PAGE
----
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12 Archetypal Steps Heros Journey Essay

Ever notice that every blockbuster movie has the same fundamental pieces? A hero, a journey, some conflicts to muck it all up, a reward, and the hero returning home and everybody applauding his or her swag? Yeah, scholar Joseph Campbell noticed first—in 1949. He wrote The Hero With a Thousand Faces, in which he outlined the 17 stages of a mythological hero's journey.

About half a century later, Christopher Vogler condensed those stages down to 12 in an attempt to show Hollywood how every story ever written should—and, uh, does—follow Campbell's pattern. We're working with those 12 stages, so take a look. (P.S. Want more? We have an entire Online Course devoted to the hero's journey.)

Ordinary World

Belle's ordinary world is so bland she gets an entire song about it (and the first one out of the gate to boot). "Every morning just the same / since the morning that we came / to this poor provincial town," she informs us, and her brief guided tour of the local nitwits confirms it. This is not the place for a bright, imaginative girl to discover new things. This is the place where creative souls go to die.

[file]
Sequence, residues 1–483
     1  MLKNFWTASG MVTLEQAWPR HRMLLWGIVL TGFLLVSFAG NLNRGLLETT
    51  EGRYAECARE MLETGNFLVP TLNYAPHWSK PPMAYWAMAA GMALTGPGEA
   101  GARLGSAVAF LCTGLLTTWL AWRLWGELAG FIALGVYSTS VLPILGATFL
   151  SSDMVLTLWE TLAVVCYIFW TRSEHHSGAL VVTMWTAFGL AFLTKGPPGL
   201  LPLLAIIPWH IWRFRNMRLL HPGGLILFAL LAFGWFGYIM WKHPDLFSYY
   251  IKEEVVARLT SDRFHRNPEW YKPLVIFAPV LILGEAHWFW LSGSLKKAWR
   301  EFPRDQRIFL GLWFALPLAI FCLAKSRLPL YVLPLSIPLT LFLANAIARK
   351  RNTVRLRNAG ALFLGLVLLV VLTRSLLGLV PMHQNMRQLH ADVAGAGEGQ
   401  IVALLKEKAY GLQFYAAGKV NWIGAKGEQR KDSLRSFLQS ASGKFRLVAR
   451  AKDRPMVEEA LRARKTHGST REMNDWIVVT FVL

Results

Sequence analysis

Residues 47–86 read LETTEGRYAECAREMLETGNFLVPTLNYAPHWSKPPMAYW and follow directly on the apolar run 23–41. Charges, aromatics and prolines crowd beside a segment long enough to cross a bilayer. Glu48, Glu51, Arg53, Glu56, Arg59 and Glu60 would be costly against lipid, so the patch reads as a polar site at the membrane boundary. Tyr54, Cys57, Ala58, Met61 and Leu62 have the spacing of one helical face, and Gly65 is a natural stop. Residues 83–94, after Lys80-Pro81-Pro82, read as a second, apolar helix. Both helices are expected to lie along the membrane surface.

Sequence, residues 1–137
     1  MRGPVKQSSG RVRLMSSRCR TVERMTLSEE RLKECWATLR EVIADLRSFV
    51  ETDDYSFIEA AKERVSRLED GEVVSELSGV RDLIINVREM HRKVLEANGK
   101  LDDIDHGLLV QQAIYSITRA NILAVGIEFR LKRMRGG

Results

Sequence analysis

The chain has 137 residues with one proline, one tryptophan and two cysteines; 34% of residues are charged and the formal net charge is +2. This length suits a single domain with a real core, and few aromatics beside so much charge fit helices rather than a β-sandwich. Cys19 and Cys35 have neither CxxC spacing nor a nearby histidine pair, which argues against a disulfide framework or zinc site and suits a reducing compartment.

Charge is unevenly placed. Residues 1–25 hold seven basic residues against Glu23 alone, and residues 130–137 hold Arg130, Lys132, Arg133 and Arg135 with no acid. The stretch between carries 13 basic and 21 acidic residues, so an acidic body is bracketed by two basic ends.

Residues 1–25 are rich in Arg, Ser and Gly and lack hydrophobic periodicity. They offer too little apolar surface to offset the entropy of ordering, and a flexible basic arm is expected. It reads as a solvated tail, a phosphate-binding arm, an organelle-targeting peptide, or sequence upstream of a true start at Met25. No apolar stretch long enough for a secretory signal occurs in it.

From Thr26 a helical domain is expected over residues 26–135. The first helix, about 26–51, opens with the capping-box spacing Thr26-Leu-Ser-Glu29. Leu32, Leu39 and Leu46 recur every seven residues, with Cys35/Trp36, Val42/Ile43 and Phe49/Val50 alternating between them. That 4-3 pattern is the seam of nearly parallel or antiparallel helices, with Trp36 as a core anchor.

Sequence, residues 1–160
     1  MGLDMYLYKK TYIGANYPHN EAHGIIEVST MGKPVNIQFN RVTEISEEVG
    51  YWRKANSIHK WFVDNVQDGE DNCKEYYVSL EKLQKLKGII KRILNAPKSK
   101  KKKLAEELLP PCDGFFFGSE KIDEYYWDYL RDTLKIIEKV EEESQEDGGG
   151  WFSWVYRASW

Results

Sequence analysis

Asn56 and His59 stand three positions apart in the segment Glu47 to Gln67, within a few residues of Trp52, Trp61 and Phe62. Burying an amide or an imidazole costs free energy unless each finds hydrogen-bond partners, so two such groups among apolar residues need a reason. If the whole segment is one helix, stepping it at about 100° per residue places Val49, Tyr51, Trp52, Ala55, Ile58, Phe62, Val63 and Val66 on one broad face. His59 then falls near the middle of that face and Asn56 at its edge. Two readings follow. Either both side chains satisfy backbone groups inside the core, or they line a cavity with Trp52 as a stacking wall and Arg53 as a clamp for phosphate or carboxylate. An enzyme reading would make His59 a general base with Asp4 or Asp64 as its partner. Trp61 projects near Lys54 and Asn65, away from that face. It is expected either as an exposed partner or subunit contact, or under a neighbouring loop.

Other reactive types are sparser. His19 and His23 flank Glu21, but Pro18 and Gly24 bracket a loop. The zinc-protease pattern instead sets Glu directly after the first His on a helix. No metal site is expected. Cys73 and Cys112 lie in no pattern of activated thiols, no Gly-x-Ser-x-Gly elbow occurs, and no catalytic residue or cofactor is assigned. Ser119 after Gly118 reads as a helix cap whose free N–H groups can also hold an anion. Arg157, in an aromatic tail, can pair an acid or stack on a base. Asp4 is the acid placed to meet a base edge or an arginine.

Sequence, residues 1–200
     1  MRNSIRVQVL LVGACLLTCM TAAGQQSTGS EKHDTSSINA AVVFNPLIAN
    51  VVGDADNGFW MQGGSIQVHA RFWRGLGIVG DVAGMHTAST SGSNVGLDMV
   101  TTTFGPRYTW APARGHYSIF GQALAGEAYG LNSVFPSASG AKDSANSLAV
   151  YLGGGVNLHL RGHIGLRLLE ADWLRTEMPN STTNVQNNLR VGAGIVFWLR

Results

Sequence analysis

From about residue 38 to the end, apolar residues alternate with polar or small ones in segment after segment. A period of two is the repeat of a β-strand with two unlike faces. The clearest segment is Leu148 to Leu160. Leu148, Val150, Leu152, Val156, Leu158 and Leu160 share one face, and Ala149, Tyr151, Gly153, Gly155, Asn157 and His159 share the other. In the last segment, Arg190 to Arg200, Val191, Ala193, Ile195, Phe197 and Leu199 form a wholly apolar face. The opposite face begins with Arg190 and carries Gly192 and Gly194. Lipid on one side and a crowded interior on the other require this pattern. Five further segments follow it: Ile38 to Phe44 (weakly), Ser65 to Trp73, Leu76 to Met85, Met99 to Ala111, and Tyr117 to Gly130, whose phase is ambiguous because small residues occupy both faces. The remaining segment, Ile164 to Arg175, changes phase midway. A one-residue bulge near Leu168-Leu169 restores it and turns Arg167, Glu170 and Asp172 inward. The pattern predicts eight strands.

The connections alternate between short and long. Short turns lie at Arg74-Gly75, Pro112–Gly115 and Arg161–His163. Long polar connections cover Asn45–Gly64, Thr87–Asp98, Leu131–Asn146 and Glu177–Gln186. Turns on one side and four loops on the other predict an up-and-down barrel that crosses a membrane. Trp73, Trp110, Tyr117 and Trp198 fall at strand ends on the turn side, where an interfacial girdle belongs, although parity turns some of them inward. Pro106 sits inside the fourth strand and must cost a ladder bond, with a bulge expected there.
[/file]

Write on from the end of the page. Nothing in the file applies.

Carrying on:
Time to put on your boogie shoes, Belle.

Call to Adventure

The traditional call to adventure means a threat to the community as a whole. Belle doesn't belong to this community—she's just the weird girl they talk about behind her back. They never really encounter a threat. At least, nothing that they didn't bring upon themselves by listening to Gaston's chowderhead propaganda. And yet, there's still a community in need of help that launches her into her adventure: a community of one. Her father, who stumbled into the Beast's lair and now finds himself prisoner, needs his little girl to come bail him out. The price may just be the best thing that's ever happened to her…

Another possible community is the one at the castle: the Beast and his enchanted underlings who are getting pretty darn tired of life as talking knickknacks. They're the adventure she's setting out to as well as the home she's hoping to save. Holy role reversal, Batman.